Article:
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I have found that although students start out at the beginning of the semester willing to be enagged in class discussions and activities, this interest often fizzes out in the face of other assignments/tests/projects etc. During the middle of the semester, I often find students staring daggers at me because they would rather have the time to do some project due the next period. I have tried to alleviate this boredom by offering small yet interesting hands-on activities which last 10-15 min, but engage the students since they are up and moving out of their seats. This does not always work, however, does anyone have any other suggestions to keep students engaged?
This thread was posted on April 11, 2017 at 11:44 PM ET by Sowmya Anjur.
|| 7 Replies | Last on 4/20/2017 at 10:57 AM ET|
This is a perfect time thread! We just finished state testing and going into Easter Break. Once the students come back from Easter we only have 4 weeks of school and then final exams. These 4 weeks are the most difficult because they are only thinking about summer break. I would love some ideas as well. The things I try are more classroom games like Kahoot and more labs.
I have also tried to incorporate more games like Kahoot and Quizlet Live (for vocabulary) to keep students motivated and learning. Our school uses a balanced calender with 2 weeks for spring break, by the time students return from spring break all motivation is lost. This is particularly difficult in the AP classes with the big test coming up and an high percentage of seniors getting " senioritis"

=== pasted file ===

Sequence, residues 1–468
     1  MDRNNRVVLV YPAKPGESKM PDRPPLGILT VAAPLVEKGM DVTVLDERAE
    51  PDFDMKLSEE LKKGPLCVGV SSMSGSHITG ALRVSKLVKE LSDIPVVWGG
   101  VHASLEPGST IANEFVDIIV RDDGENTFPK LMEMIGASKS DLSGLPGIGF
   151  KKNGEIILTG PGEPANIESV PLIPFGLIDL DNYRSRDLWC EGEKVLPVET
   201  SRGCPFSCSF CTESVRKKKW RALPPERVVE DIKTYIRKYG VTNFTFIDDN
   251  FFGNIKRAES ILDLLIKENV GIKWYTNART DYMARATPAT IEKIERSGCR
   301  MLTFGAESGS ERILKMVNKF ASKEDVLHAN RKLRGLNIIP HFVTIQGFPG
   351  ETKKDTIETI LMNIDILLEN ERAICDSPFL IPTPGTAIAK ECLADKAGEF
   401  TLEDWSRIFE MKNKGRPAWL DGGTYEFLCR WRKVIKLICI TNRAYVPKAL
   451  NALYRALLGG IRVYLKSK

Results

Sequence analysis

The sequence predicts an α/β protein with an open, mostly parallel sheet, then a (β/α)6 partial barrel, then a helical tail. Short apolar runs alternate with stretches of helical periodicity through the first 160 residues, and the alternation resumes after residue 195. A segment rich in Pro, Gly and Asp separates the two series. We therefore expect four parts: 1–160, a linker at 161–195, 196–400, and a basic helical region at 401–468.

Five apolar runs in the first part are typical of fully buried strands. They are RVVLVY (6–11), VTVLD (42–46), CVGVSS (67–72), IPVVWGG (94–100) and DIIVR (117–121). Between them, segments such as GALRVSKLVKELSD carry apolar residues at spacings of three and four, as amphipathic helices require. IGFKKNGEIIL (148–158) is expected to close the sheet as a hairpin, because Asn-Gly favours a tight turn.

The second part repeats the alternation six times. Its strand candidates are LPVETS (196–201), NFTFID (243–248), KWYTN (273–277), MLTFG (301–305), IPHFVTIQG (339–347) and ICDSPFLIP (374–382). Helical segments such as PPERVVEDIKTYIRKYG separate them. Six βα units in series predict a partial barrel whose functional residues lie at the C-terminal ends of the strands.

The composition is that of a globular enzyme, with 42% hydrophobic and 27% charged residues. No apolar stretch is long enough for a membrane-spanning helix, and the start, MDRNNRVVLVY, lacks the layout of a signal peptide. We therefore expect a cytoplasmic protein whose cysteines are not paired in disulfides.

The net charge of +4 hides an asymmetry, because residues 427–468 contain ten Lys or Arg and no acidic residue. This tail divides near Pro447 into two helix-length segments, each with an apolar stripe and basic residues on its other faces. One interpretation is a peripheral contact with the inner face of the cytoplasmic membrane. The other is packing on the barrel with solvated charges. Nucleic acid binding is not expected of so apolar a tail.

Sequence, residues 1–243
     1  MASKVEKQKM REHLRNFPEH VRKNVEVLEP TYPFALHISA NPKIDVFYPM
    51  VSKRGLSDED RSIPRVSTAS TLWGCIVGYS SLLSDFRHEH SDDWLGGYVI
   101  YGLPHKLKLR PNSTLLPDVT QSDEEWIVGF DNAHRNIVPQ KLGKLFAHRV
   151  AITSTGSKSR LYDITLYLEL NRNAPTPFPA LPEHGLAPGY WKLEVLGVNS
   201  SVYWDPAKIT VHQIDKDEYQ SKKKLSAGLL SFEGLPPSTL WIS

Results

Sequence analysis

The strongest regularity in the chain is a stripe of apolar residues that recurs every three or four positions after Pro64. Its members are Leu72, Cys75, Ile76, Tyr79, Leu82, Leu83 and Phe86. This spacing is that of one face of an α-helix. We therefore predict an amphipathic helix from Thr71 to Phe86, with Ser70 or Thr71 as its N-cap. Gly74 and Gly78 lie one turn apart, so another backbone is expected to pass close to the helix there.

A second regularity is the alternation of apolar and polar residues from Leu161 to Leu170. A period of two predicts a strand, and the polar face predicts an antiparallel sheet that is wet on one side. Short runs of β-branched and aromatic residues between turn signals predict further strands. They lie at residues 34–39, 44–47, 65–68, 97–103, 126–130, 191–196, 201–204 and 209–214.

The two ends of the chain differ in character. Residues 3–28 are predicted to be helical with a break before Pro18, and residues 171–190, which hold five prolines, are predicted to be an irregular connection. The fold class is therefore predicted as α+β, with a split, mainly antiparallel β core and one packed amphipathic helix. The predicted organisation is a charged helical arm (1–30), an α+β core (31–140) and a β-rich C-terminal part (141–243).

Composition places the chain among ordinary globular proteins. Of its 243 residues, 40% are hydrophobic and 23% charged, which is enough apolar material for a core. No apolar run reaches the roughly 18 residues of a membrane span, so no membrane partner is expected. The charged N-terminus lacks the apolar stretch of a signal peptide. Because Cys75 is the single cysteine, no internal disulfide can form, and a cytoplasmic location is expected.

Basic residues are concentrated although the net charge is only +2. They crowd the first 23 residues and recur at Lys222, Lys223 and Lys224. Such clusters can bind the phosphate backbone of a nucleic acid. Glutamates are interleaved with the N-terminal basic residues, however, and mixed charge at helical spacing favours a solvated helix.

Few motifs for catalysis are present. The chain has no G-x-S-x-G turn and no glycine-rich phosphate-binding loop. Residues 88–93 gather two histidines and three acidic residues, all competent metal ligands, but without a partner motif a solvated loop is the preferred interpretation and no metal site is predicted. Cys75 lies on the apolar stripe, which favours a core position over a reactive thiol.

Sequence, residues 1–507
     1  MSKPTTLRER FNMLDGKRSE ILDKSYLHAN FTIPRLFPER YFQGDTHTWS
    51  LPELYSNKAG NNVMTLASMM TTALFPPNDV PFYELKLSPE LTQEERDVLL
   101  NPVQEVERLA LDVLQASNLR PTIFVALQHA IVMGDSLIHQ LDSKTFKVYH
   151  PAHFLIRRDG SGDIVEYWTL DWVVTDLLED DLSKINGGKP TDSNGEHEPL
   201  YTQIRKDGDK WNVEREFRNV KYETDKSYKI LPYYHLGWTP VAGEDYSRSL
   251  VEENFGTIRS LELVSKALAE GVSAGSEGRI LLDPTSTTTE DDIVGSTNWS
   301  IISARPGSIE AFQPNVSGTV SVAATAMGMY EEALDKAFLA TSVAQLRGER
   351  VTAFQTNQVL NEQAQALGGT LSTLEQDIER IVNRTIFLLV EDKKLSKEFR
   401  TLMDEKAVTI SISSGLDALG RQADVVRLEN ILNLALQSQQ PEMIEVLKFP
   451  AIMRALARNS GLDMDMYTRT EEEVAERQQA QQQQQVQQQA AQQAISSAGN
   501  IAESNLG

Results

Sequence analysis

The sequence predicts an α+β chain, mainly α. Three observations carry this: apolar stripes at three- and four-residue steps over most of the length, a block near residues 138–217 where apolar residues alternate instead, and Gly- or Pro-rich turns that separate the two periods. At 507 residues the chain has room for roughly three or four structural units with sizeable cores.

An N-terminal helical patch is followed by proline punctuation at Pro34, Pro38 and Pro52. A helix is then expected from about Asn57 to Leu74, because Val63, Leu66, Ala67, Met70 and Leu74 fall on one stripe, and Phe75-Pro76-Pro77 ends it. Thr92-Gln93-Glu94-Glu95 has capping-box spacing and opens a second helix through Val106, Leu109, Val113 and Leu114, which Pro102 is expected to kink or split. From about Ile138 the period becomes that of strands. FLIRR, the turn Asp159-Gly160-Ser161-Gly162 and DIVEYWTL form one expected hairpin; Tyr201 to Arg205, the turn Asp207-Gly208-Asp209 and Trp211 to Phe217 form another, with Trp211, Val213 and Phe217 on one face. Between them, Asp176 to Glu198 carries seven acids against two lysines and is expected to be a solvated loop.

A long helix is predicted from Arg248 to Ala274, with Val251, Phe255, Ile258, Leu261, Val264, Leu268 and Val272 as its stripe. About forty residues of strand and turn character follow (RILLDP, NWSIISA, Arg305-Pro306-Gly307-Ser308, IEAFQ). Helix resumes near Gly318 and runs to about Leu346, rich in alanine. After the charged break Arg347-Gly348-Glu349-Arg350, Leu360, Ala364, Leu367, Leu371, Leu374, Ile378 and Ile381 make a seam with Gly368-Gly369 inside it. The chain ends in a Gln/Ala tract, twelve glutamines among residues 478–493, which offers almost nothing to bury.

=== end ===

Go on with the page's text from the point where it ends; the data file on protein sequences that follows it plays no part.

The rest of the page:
Thanks for the ideas. I teach Physiology so I have also tried taking them to the gym and having them measure heart rate!!!!!! It gets them out of their chairs and is good for them. Usually they seem to enjoy the exercise once they get over their initial reluctance . The trek to the gym also seems to stimulate them AND I can justify it as a learning experience!
That is a great idea. It goes with this blog I just read http://blog.lifescitrc.org/k12confab/2015/09/14/are-you-putting-your-students-to-sleep/#respond
I think you are taking the best route. I try to break up class into segments. A little direct instruction, al ittle exploration, a little independent thinking or writing. The final key is old fashioned "walking around the room and directly interacting with as many students as you can one on one." I find this really keeps them all a little more involved in what is going on but it is exhausiting!
Another method I use is to have them suggest what they would like to learn and get them to provide me with a list of materials, etc that I can procure for them, which in turn allows them to take responsibility for their own learning and helps them understand the material better. An example would be studying the brain by making comic strips and/or jeopardy questions. Kahoot is also a great tool!
Anything to get them going!